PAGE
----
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Part II (Part I)

[dropcap]J[/dropcap]oan Wulff, one of the most famous ambassadors of our fly fishing sport wrote New Fly-Casting Techniques in 2012. In it she describes the life-cycle of a fly fishing addict. She says there are three distinct morphing stages. One, wanting to catch lots of fish; two, only big fish, and finally in a spinner-like stage where only a certain species provides the meridian. Bonefish are that zenith for lots of folks and for hundreds of reasons.

The final stage

This advanced stage manifests itself with the angler becoming a species biologist, tuned into tide and moon phases and developing a one-with understanding with regard to bonefish body language. The latter especially relevant in the spooky bonefish aggregations found in the Florida Keys.

Duane Baker’s crab fly travels well. It’s a big bone attractor and out-fishes in the Keys, Biscayne Bay, Bahamas, Belize, and Los Roques. Photo by Pat Ford?

Tim Mahaffey with an Islamorada double digit bone. Duane Baker’s crab fly (insert) reportedly travels well. It’s a big bone attractor and out-fishes in the Keys, Biscayne Bay, Bahamas, Belize, and Los Roques. Photo by Pat Ford.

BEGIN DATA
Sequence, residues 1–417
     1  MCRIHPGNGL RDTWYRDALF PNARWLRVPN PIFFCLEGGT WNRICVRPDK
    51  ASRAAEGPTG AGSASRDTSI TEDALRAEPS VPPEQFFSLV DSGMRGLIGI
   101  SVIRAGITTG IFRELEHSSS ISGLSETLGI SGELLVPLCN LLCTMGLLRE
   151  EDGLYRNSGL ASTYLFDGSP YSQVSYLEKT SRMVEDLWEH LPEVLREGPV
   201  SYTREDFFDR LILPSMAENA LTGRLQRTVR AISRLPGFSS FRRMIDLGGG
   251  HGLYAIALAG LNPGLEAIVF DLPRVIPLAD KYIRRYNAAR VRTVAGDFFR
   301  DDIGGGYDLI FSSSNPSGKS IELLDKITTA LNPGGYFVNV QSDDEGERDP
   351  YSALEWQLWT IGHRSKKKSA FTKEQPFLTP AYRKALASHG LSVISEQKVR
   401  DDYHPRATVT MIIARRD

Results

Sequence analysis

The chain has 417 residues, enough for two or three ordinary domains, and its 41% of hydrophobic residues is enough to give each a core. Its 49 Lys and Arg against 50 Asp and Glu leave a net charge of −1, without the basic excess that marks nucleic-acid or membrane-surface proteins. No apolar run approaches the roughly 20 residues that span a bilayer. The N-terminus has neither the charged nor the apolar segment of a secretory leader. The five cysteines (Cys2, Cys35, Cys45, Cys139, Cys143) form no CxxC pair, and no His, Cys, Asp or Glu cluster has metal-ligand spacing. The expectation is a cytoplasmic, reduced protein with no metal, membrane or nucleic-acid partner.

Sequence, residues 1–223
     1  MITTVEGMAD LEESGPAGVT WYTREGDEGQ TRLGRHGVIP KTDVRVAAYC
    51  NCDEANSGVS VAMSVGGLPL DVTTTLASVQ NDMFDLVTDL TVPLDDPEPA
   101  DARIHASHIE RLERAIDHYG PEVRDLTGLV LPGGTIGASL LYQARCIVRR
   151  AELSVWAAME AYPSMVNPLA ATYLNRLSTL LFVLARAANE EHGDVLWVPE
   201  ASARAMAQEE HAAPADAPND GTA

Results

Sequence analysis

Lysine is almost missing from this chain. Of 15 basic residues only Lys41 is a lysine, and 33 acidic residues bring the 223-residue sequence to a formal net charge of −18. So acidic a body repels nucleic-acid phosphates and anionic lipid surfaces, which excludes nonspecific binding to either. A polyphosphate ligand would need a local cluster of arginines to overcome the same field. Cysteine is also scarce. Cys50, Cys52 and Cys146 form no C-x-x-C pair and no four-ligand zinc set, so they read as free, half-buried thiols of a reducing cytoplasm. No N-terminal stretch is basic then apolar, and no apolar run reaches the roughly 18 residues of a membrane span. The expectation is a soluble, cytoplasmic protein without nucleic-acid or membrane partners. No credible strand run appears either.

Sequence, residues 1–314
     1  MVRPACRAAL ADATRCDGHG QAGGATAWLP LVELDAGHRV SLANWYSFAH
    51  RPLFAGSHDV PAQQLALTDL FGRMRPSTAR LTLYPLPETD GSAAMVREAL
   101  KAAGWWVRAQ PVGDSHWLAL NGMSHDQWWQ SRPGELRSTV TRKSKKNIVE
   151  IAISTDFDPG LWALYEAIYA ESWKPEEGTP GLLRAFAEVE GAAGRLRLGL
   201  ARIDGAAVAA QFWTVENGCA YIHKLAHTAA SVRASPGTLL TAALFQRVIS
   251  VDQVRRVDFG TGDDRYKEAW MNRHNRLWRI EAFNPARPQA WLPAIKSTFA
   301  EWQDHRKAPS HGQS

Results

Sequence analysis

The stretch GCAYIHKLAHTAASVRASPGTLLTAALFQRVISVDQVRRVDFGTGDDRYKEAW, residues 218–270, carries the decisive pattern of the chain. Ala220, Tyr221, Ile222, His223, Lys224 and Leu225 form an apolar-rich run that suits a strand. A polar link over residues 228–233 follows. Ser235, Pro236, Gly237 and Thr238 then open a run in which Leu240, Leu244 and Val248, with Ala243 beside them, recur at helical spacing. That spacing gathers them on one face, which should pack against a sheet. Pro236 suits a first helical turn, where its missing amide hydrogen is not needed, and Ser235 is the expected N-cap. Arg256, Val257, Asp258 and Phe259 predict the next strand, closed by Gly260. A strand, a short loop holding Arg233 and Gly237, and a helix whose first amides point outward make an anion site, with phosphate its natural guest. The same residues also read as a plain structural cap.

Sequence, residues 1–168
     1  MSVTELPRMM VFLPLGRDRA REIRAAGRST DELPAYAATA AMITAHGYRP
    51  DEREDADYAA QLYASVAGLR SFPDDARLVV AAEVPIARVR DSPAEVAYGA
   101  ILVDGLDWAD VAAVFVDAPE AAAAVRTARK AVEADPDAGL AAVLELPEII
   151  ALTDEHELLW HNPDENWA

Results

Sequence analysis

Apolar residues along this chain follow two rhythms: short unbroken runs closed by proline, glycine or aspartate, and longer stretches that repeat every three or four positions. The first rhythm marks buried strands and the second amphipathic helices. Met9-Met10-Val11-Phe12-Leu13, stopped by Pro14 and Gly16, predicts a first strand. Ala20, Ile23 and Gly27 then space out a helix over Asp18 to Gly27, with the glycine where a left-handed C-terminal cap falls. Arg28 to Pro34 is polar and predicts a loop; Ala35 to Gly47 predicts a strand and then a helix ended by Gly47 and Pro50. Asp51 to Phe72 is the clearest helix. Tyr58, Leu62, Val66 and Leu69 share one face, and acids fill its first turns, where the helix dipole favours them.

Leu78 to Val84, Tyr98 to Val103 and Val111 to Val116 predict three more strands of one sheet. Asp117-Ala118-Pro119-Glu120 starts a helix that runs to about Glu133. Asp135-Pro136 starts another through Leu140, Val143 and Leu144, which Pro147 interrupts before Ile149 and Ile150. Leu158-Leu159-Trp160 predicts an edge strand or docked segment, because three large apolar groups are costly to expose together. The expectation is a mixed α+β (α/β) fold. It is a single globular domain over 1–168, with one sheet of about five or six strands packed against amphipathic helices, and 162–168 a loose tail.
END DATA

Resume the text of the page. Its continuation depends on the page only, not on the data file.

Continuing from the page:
Please, a good guide

Tournament caliber as well as bonefish experts like Sandy Moret, Tim Mahaffey, Stu Apte, Chico Fernandez and several guides in both the Florida Keys and Bahamas have opines on the matter of catching Mr. Bone that don’t always line up with regard to casting techniques, equipment preferences, rigging and fly choices. However, one thing is barbershop-quartet clear; go with a very, very experienced guide, and in many cases that was a guide saying that, especially if not fishing his own turf.

Photo by

Photo by

Fly rods

Another consistency was equipment. As that relates to rods and reels almost all interviewees personally use one stick manufacturer for their choices in all weights carried. Oddly, the weight preferences for bones wasn’t always the obvious 8- 9-weight. One Keys guide distinguishing himself by preferring a 6-weight when perusing bones. No one ventured “Back to the Future” with fiberglass or the other new rage – the switch rod.

The rationale for using just one rod manufacturer (model) is that if you go from 7- to an 9-weight, for example, the actions will be same. No need to adjust to a slower or faster action. For tournament anglers that translates to no lost seconds or a minute re-familiarizing with the action of a different rod action.

Consummate bonefish tournament winner Tim Mahaffey made a point about rods. “The choices for rods are mind boggling, and spending $850 isn’t necessary. Remember, most manufacturers’ second or third rated rod was their premium rod five years ago.”